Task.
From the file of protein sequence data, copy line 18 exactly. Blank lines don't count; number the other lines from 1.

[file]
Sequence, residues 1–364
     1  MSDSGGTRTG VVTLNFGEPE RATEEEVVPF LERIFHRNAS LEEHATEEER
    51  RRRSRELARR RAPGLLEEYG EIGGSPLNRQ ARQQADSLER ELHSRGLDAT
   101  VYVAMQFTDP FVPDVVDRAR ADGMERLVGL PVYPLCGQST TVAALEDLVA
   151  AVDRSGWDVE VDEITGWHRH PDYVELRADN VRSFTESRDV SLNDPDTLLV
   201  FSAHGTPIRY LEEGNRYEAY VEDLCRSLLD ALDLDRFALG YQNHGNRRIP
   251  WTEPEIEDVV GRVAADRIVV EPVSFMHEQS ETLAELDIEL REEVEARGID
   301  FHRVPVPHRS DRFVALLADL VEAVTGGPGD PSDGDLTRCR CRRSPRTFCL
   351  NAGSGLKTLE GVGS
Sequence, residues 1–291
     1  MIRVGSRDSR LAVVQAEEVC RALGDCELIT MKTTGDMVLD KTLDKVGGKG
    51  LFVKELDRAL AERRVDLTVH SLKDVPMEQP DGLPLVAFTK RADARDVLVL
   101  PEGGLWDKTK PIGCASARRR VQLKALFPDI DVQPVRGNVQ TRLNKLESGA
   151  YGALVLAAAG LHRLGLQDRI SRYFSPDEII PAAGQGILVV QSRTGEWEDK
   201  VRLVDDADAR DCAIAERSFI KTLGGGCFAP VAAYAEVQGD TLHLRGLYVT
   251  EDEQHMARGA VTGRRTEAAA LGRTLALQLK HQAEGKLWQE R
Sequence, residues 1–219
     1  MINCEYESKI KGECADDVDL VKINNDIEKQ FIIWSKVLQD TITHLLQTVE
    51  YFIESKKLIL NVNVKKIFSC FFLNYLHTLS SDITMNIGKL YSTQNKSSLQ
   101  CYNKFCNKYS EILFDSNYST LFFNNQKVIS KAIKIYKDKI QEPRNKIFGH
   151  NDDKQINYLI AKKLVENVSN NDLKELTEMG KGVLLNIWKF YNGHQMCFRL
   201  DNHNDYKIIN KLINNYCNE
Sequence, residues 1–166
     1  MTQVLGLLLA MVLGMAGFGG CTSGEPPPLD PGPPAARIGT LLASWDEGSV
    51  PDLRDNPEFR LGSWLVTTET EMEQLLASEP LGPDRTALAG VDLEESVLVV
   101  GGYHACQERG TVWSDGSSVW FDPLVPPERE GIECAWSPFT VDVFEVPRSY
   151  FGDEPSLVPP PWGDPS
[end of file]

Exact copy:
     1  MINCEYESKI KGECADDVDL VKINNDIEKQ FIIWSKVLQD TITHLLQTVE